Rodney Harrell: “Our homes and communities aren’t really designed for aging. And you think about 200-plus years of development in the country, and we always had the assumption that there weren’t that many people over 65. Well, sometime in the decade of the 2030s, we’re going to have more people over 65 than under 18 for the first time ever. And what that means is that these years of building communities and housing a certain way doesn’t necessarily fit our new reality and our growing and changing reality. We talked about some of the roommates that might help with some of those stores. Maybe they’re getting groceries, and those kind of things. Well, in part, that’s because our transportation systems in our neighborhoods, suburban neighborhoods especially, aren’t necessarily set up for people to get around if they’re not driving. And yes, we have home designs that assume that you can get up a great deal of stairs, and that can be an issue. And of course the cost that we talked about. So it’s really a holistic change that we need to make more age-friendly, livable communities so we can have the access people need. And in the meantime, if you’re in a home and it doesn’t quite work for you, bringing in a roommate can help with some of those chores, some of those costs and maybe some of the social isolation as well.”
From The Reading List
USA Today: “More renters over age 50 turning to ‘Golden Girls’ trend” — “After ending a romantic relationship in her 60s, Rika Mead lived alone for several years in a spacious contemporary home in Highlands Ranch, Colo. She enjoyed her privacy, but when she saw an article about a home-share matching service for older women, she decided to give it a try. ‘I wanted help financially, but I also wanted companionship,’ says Mead, who now rents the top floor of her house to a 57-year-old woman she met on Roommates4boomers.com.
“The women are among a growing number of baby boomers who have become roommates in their later years. Dubbed the Golden Girls or the Grace and Frankie generation because of their similarities to the storylines of those TV shows, these women are living together mostly for economic reasons — but also for connection.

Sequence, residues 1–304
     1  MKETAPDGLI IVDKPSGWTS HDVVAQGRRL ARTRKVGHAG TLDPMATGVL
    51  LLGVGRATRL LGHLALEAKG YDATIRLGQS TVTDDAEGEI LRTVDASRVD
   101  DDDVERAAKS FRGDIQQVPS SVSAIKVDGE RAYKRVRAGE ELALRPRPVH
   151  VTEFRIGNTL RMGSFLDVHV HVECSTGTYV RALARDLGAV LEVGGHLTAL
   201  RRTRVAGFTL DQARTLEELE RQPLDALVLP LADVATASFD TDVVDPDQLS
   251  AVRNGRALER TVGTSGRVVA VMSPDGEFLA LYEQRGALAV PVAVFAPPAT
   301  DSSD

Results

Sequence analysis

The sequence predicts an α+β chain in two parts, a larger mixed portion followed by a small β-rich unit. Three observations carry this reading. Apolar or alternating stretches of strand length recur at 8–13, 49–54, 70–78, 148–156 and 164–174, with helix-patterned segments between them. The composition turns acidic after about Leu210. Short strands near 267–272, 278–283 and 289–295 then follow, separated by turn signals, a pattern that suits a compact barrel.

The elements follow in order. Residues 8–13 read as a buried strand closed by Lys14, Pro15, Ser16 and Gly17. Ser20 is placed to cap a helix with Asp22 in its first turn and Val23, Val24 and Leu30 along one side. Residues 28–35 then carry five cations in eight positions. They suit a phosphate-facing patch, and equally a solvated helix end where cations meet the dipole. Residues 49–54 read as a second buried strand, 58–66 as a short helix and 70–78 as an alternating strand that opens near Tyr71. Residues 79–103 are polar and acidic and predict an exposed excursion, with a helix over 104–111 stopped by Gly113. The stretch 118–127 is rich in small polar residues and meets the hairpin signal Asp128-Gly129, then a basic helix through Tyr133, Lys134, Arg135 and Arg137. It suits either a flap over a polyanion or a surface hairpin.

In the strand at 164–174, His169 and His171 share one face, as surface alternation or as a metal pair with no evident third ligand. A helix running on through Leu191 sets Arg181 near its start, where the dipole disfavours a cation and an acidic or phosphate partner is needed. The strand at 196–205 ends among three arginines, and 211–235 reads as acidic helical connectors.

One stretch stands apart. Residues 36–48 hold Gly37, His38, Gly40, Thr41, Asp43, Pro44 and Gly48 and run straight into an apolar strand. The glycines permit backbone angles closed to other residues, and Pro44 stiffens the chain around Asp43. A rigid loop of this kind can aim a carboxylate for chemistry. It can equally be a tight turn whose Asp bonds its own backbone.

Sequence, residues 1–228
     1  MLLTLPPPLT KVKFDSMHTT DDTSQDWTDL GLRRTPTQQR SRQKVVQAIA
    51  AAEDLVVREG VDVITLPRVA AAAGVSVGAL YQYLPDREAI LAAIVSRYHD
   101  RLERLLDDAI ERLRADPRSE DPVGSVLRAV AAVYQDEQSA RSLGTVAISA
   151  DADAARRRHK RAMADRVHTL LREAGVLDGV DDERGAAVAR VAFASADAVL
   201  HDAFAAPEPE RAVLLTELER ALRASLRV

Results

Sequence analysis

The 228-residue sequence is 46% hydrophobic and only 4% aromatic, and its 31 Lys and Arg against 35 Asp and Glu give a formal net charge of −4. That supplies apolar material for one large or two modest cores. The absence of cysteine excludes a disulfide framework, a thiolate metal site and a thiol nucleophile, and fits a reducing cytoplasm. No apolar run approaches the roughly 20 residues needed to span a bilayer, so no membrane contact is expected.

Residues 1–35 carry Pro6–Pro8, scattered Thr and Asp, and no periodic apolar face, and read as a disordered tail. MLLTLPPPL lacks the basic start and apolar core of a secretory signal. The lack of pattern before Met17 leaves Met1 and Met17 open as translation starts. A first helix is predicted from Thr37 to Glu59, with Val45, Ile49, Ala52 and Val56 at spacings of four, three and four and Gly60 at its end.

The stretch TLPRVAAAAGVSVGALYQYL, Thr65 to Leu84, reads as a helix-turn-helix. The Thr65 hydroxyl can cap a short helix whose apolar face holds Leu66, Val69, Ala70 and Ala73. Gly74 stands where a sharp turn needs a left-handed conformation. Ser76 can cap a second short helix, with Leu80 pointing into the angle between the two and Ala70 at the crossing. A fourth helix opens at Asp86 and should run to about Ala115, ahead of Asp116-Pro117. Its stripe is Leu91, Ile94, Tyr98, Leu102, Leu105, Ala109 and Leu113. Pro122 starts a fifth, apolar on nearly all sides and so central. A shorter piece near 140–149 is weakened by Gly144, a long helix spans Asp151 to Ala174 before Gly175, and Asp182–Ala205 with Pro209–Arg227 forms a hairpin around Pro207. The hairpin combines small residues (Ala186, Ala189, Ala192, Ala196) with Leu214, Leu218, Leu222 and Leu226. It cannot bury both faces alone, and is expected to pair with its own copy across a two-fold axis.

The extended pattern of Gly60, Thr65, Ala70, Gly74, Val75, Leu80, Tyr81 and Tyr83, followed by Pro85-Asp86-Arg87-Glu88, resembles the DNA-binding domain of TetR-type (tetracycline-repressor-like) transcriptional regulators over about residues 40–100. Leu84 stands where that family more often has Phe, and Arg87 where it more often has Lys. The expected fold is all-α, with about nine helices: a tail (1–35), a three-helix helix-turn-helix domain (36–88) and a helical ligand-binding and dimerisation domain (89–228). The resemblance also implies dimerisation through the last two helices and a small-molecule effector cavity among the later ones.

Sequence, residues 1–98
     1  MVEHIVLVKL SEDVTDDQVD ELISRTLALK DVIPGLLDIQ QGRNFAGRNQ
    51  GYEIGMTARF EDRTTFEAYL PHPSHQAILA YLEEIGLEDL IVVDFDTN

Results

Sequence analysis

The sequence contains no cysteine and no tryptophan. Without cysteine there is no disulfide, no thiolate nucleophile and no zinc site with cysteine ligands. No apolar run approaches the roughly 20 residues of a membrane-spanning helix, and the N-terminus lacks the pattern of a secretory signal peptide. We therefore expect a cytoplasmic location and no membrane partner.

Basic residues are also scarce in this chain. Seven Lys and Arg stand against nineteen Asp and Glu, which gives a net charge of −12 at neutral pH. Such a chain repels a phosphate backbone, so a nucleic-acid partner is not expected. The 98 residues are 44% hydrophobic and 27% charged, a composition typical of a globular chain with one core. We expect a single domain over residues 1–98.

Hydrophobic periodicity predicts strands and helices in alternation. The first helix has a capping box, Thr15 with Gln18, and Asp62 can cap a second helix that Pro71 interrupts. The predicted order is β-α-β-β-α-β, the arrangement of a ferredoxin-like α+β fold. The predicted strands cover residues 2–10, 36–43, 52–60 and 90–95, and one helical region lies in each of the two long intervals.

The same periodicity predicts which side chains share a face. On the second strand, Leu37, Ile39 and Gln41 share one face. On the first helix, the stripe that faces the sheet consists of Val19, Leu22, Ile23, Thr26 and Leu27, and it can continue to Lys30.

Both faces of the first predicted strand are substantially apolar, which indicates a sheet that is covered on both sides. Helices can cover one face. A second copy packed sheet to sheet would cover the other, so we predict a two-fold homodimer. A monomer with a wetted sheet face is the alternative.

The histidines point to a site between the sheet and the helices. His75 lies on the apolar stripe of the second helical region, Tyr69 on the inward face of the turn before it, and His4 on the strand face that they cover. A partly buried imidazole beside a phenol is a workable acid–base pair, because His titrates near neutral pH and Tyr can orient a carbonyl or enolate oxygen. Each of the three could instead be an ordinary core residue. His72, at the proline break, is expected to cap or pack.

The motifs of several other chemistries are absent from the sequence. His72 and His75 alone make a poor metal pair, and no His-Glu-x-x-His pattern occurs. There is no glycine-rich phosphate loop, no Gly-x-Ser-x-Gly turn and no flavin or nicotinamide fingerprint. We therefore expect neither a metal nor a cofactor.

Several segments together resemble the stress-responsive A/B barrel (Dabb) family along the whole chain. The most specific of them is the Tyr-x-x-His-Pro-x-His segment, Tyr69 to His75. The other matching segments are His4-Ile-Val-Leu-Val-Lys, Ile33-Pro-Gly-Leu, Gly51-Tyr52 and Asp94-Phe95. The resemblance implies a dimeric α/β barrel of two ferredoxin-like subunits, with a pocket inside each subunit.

“Studies show that most people want to stay in their homes or communities as they age. But an increasing number of those 65 and older still have mortgages to pay.”
Boston Globe: “Empty-nester + young adult = perfect roommates?” — “After living with more than a dozen different roommates in his young life, most of them strangers, Dean Kaplan is well-versed in the particulars of those first meetings — the short introductions, the perfunctory pleasantries, and then the quick getting on with life.
“‘After you move enough times,’ said the 25-year-old Baltimore native, there is ‘definitely a high degree of nonchalance.’
“In late August, though, as he stood on the front porch of a sizable multistory house in Cambridge ready to meet his newest roommate, he found himself uncharacteristically nervous and eager to make a good first impression.
“Of all the roommates he’d had in the previous few years, Sarah Heintz would be the first septuagenarian.
“In fact, Kaplan, a student at Harvard’s Graduate School of Education, and Heintz, a 77-year-old whose grown daughter now lives across town, are part of an experiment in connecting young people in need of cheap rent with older residents who wouldn’t mind a little extra companionship and an occasional hand around the house.”
New York Times: “Getting a Roommate in Your Golden Years” — “The concept of pairing older people with younger ones, particularly those who are not family members, is not a new one: It was popularized by Maggie Kuhn, an elder-rights activist who opened up her Philadelphia home to others for more than 20 years before she died in 1995. Today’s home sharing, however, is as likely to be between those of the same age as it is to be intergenerational. The crucial thing is that it involves two or more people sharing an apartment or a house to their mutual benefit. And finances often play a big role.
“For those who are still working age, it’s getting harder to pay the rent: According to a StreetEasy survey, rents in the city rose twice as fast as wages between 2010 and 2017. The lowest rents (those up to $2,300) rose 4.9 percent annually since 2010, which means someone who paid $1,500 a month in 2010 likely paid nearly $600 more for the same place in 2017.”